Sam Elliott still makes the womenfolk whisper “I’ll See You in My Dreams”

2013 Primetime Creative Arts Emmy Awards Arrivals Held at Nokia Theatre LA Live Featuring: Sam Elliott Where: Los Angeles, California, United States When: 16 Sep 2013 Credit: FayesVision/

2013 Primetime Creative Arts Emmy Awards Arrivals Held at Nokia Theatre LA Live
Featuring: Sam Elliott
Where: Los Angeles, California, United States
When: 16 Sep 2013
Credit: FayesVision/

Sam Elliott had a window when he might have broken through and become a bankable Hollywood leading man.
It was somewhere around 1976’s “Lifeguard,” which had him playing a hunk who held onto the beachside style of living and loving a little too long, his 1983 performance as the title character “Travis McGee” in a TV movie based on John D. MacDonald’s iconic Florida detective, and 1985’s “Mask,” which turned his manly mustache loose as the one biker sensitive enough to tame Cher and bond with her disfigured son.
Decades of stellar supporting work have been the rule ever since. Need a man’s man to play a military officer (“Hulk”), a growling coach (“Draft Day”) or cowboy? Sam’s been your man.
But maybe the window hasn’t quite closed, even at 70, as his notices in the new indie hit “I’ll See You in My Dreams” suggest. He plays a sort of last chance at romance for a widow (Blythe Danner) not looking for love at this stage in her life. Elliott turns on the flirt in the role.
“Nothing you learn in acting school,” he growls with a grin. “The way I was always taught to treat women kind of gets in there.” Born in Southern California but raised by West Texans, Elliott’s masculine courtliness is something of a trademark.
And “the unlit cigar between his teeth, the glint in his eye and his deep cowboy voice signal virility,” Stephen Holden wrote in The New York Times.
Elliott gives that a characteristic “Aw, shucks.”
“Maybe there’s a little of the old ‘leading man’ in there,” he says. “Maybe it’s a little late for that.”
His “Dreams” director,  Brett Haley, who co-wrote the script and cast Elliott, begs to differ. “A LOT of women would disagree with Sam  in that regard,” Haley laughs. “He’s back, and sexier than  ever.”
It could be that the part is tailor-made for Elliott. Hollywood isn’t making many Westerns these days, so Elliott’s Old West mustache and ability to wear a ten gallon hat like he means it is rolled out in cult films such as “The Big Lebowski” (as the cowboy/narrator) or “Thank You for Smoking.” A “Tombstone” comes along rarely, these days.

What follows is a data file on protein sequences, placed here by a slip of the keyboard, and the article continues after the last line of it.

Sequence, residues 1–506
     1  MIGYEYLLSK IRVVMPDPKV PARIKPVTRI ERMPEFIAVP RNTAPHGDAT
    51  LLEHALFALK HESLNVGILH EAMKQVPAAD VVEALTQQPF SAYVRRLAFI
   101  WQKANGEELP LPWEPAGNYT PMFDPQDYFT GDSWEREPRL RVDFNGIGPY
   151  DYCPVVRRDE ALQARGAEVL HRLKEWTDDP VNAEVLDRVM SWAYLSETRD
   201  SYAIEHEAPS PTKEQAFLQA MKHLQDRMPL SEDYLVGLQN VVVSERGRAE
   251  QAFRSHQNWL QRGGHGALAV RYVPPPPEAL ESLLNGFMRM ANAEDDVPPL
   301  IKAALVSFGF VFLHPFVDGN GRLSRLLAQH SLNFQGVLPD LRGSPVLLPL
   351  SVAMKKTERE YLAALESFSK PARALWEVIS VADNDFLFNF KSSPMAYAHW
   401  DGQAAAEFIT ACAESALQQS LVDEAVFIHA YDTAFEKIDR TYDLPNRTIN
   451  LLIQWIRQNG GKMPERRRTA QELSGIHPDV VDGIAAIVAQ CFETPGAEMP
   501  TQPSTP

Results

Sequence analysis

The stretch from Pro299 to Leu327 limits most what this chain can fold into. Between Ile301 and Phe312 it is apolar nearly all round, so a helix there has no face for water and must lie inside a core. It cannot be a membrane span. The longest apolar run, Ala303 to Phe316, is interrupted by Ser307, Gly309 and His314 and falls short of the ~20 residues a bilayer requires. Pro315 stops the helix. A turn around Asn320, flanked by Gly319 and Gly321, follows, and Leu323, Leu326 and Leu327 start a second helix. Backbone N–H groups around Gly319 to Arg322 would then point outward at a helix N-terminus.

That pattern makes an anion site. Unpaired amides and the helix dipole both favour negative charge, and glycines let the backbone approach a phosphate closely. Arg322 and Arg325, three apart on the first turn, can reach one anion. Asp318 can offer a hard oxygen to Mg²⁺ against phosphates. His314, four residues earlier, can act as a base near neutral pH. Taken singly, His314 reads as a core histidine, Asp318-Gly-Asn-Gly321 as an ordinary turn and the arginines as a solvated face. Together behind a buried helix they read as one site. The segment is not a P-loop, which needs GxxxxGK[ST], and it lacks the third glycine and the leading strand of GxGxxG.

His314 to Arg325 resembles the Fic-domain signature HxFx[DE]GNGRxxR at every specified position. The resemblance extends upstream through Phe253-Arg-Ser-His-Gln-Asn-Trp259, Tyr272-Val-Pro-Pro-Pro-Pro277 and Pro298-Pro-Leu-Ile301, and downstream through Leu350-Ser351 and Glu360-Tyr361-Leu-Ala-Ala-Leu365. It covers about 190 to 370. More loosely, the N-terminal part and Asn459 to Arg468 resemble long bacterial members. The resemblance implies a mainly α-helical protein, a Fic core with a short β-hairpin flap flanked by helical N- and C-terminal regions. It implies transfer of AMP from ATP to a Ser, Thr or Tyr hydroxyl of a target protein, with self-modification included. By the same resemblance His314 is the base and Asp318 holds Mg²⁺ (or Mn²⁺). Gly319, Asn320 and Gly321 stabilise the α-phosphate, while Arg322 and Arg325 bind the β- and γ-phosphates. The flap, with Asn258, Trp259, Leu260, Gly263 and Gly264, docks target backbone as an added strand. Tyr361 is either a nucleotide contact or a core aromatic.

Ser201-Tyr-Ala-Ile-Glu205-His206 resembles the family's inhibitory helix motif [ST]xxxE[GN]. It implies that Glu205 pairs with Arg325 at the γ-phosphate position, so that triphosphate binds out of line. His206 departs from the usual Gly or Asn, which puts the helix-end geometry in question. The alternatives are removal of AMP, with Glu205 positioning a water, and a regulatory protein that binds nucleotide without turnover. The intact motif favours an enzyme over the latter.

Bill, his “I’ll See You In My Dreams” character, has a “Hemingway-esque masculinity” and swaggering “self-satisfaction” which Joe Morgenstern of The Wall Street Journal didn’t warm to. But that “that coy but confident head tilt he does…draws women in like an invitation to come closer,” says Kathryn Shiflett, “a big fan” from Virginia. There’s a touch of the courtly cowpoke to that this businessman who goes after what he likes, including Carol (Danner).
“He happens upon this gal who strikes who strikes his fancy, and goes to work on her,” Elliott says of “Dream.” “He’s kind of sensitive, I guess. But he’s also very direct. I like that. That directness appeals to Carol.
“That’s part of the real me, too. I’m probably more direct than some people would like, especially out here in Hollywood.”
Voice-over work in everything from car commercials to “Beef, it’s what’s for dinner,” sustains him and wife Katherine Ross (“The Summer of ’42”). Elliott says he and Ross talk about “how lucky we were to come along when we did, with parents who grew up during The Depression and all.” But it’s hard not to see his brand of masculinity, timeless as it is, as out of its time. So he’s grateful for the good reviews for “I’ll See You in My Dreams.”
“It’s been mind-boggling, on some level. Never seen the likes of it, myself.”
And there’s just a chance he’s hearing his director’s “sexier than ever” plug, and maybe wondering if those “Lifeguard” days could earn a reprise.
“I just had some gal interview me who wanted to know if I still had the red shorts from that m0vie,” Elliott says with a chuckle. “Man.”

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